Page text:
实验一和实验二的选取了24名父母双健听的聋手语使用者(Deaf' of Hearing, DH ),24名听力正常人(Hearing of Hearing, HH)和11名父母双聋的聋手语使用者(本族手语者，Deaf of Deaf, DD)作为被试。实验一采用自编的《视空间认知能力测试系统》软件中的 “视觉表象生成”任务，研究不同组别被试在探测符号位于不同位置(起笔/收笔)时，生成简单字母/复杂字母表象的反应时和错误率。实验二采用同一套软件中的“视觉表象旋转”任务，研究不同组别被试在不同角度((00、900、1350和1800)上，旋转简单图形/复杂图形表象的反应时和错误率。实验一和实验二着重考察手语语言经验和手语习得年龄对视空间认知绩效的影响。
Chinese Sign Language (CSL), the language of deaf communities in China, is produced bymovements of the hands in space and facial expressions rather than the acoustic modulations of the vocal tract. perceived by the visual system rather than the auditory system. It presents a natural opportunity to explore the interplay between linguistic cognition and spatial cognition.
The young deaf child learning sign language is faced with the demands of spatial perception. memory and spatial transformations, as well as processing grammatical structure, all within the same visual event. Children with different auditory and language experience provide a privileged testing ground for investigating the interplay between the development of a spatial language and its spatial cognitive underpinnings. In Experiment One and Experiment Two, we contrast three groups of children with dif}'erent early language and sensory experiences: deaf children of deaf parents (deaf of deaf, DD) who learned sign as a native language; deaf children of hearing parents (deaf of hearing, DH) who are profoundly deaf and had no signing experience in the first few years of life, but are now exposed to a rich signing Chinese Sign Language (CSL) environment; hearing children of hearing parents (hearing of hearing, HH) who had not signing experience at all. The main purposes of this two experiments was to investigate whether the complex requirements for spatial processing Affect the developmental the development of particular spatial cognitive capacities. i.e. the ability to memorize visual images, to generate them and to rotate them.
In Experiment Three, the effect of language experience on word memory is studied by analyzing strategies the DH, HH and DD subjects used to memorize characteristic pairs of words.
In Experiment Four and Experiment Five, we continue to probe the relationship between mental representations of visual space involved in spatial cognition and those specialized for visual-spatial language. We intend to investigate the neural underpinnings of both overt sign language and covert sign language, and fMRI method is adopted. At the same time, the cross-modal plasticity theory was examined.
The main results and conclusions are as follows:
I. Sign language experience selectively improves the spatial cognitive ability development. Sign language modularity shares certain components of processing with visual-spatial cognition modularity, providing the experimental basis for the cross-modal plasticity theory.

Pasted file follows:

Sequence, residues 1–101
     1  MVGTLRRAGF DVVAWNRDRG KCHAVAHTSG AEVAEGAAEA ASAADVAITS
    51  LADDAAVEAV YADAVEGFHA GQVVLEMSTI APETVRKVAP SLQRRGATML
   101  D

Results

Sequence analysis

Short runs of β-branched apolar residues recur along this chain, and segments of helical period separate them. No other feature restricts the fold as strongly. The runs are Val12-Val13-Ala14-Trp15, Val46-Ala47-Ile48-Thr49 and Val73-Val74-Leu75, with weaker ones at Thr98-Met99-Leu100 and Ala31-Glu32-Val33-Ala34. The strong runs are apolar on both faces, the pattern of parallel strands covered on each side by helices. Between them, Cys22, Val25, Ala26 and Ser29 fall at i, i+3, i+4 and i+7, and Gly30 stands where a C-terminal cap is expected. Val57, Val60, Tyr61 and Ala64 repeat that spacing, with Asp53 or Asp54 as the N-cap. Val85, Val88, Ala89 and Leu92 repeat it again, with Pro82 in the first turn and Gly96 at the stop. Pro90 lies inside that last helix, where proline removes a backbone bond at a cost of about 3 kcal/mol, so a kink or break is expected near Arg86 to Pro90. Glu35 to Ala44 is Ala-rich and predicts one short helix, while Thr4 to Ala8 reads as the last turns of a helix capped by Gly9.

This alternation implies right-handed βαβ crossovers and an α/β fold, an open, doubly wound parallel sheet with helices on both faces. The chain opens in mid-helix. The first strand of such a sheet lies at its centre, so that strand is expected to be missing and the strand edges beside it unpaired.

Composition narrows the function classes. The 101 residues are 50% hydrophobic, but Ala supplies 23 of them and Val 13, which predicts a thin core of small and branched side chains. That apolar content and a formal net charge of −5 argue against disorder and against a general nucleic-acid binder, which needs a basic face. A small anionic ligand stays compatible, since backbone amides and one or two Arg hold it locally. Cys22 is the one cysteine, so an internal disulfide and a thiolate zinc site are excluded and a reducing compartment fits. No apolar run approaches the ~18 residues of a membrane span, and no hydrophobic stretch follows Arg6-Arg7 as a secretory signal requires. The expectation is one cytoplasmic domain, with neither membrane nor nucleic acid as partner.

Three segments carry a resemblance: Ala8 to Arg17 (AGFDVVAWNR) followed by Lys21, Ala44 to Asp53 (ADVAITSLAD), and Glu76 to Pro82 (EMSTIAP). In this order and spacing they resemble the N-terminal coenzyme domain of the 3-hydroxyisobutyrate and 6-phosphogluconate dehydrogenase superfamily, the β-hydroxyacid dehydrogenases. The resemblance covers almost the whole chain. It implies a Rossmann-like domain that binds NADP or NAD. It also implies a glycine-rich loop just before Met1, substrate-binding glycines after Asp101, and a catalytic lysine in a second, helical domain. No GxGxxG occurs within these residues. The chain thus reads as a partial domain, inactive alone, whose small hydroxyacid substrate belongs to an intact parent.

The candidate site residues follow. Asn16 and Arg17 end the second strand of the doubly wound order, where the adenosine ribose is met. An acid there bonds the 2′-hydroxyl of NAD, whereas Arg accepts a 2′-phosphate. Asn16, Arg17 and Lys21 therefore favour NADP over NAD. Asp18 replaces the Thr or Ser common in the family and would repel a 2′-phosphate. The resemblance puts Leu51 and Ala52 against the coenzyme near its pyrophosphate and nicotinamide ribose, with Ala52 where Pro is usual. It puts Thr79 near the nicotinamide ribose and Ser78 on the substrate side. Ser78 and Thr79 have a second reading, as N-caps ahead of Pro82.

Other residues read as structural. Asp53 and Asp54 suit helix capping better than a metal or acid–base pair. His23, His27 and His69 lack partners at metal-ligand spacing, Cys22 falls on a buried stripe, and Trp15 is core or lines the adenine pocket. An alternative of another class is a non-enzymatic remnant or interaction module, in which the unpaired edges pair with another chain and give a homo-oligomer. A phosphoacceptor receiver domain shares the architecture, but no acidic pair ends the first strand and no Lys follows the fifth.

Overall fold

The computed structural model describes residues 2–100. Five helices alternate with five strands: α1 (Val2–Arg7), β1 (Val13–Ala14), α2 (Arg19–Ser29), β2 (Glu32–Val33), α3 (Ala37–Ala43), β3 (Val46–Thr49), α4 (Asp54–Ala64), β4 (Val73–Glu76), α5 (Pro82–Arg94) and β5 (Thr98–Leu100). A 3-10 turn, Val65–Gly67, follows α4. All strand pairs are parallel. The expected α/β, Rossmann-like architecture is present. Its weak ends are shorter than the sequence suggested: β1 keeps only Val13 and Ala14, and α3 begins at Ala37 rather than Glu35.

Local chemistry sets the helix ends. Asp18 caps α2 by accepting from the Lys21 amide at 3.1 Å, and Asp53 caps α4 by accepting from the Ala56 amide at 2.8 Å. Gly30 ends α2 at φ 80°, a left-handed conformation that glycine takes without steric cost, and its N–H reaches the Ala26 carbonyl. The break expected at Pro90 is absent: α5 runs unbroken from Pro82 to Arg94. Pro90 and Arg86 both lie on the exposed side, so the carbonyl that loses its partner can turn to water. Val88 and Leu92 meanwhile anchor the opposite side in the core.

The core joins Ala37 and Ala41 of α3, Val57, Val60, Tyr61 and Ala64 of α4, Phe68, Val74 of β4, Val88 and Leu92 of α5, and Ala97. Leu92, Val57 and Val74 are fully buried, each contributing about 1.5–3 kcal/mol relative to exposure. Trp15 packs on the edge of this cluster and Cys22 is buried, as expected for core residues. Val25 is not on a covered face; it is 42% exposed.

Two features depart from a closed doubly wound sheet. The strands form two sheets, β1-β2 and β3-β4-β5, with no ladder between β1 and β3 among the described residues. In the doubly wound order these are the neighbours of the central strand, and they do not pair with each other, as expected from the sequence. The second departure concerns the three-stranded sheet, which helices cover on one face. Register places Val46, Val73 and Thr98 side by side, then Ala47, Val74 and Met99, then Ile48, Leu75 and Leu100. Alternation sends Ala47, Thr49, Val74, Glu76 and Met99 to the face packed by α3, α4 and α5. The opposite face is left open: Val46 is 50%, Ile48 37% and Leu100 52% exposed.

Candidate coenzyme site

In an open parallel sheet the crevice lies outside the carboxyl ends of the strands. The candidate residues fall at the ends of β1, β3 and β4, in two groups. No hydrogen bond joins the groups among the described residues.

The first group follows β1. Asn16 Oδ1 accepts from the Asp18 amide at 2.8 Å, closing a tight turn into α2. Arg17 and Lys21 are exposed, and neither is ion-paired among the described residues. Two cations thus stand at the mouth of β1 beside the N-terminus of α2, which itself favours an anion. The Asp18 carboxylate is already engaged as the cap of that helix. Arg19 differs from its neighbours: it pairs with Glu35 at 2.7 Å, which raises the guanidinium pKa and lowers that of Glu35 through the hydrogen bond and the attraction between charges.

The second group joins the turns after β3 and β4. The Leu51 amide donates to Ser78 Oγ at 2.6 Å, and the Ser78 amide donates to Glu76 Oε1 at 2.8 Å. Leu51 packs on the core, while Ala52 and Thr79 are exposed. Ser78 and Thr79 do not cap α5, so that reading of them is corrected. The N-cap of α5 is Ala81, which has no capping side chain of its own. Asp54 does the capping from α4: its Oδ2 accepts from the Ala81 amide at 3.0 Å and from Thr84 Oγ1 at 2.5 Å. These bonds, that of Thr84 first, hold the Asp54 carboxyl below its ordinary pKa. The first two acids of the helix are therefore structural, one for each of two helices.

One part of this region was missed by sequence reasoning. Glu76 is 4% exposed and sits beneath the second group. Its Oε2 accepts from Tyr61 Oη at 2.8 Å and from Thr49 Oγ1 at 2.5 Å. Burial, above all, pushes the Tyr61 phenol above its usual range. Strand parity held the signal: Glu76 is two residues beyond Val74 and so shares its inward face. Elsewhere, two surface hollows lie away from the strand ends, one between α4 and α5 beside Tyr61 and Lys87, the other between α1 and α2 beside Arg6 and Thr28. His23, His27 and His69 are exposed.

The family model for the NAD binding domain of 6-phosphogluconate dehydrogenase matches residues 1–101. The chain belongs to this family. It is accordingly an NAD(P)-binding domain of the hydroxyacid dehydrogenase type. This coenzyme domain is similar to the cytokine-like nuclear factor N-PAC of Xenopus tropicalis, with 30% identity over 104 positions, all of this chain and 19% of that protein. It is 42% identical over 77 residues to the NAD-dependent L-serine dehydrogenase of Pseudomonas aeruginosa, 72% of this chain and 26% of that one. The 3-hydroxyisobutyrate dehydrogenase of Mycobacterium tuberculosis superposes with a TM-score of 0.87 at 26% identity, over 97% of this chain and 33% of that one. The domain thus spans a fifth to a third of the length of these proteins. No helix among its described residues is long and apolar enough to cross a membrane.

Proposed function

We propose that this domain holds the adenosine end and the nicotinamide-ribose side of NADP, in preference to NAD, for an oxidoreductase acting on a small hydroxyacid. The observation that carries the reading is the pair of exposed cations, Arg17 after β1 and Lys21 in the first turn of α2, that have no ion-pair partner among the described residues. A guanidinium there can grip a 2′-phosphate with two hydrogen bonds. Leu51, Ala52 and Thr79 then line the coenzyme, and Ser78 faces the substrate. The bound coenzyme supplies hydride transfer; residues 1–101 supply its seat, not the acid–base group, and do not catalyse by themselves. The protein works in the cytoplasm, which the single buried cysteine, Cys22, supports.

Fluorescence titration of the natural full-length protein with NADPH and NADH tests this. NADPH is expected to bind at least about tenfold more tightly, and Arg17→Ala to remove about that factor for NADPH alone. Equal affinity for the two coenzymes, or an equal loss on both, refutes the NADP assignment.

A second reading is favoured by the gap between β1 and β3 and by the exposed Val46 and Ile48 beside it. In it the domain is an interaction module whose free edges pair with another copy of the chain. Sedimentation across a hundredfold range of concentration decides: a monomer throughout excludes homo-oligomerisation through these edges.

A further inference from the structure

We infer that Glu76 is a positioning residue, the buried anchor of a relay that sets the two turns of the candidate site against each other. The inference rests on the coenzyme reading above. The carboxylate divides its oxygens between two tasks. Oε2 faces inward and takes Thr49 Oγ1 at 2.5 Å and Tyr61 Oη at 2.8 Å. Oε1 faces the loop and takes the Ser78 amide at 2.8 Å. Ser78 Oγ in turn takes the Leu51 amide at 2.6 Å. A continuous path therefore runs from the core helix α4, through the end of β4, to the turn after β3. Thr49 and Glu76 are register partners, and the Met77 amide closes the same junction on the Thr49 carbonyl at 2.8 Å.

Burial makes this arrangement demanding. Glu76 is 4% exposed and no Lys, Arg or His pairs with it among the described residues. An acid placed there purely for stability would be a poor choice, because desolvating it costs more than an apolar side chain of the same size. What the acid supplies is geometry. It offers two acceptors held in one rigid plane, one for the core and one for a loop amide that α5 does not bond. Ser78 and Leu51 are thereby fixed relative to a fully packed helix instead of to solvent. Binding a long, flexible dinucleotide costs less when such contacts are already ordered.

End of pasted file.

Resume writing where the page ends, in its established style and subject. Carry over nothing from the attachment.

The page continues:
2. The deaf signers have an enhanced ability to generate relatively which the deaf were first exposed to CSL during childhood has image generation. complex images. The age at no significant influence on image generation.
3. The deaf signers have a differential ability to detect mirror image reversals. It may be tied to specific linguistic processing requirements of CSL.
4. The deaf signers of deaf parents are more accurate than those of hearing parents in image rotation task.
5. The deaf subjects have scored as well as the normal hearing subjects on word memory test, but the strategy they adopt are so different. As to the hearing group, the phoneme strategy is preferable. While the deaf group prefer the sign strategy to phoneme strategy.
6. The age the deaf firstly exposing to CSL exerts an influence on word memory processing. The congenitally deaf students of deaf parents are more inclined to use sign strategy than phoneme strategy.
7.The left cerebral hemisphere is dominant for processing visible sign language and vocal language as well. Broca's area(Brodmann 44 45), Wernicke's area(Brodmann 22 23 24), supra marginal gyros, perisylvian, and cingulate gyros are involved in both overt and covert sign language processing as in spoken language. These results suggest that the lateralization of language is at least partly independent of language modality.
8. Under the sign language stimuli condition. we find no linguistic specialization in particular areas, i.e. the vision area or he area in both cerebral hemispheres.
This stu街pioneers to use the fMRI to examine the neural systems involved in overt and covert sign language words processing. We hope to develop a comprehensive neurocognitive model of sign language processing. Such a model is critical to meeting the educational needs of children who are deaf. We may be able to develop games and educational programs that could help deaf children become more efficient processors of language, both sign language and spoken language. We consider the deaf bilingual teaching is supportive during this course. And research on CSL standardization is prerequisite.
Finally, this paper gives some suggestions to Game the experimental Multidimensional research work in the field of the deaf ition research.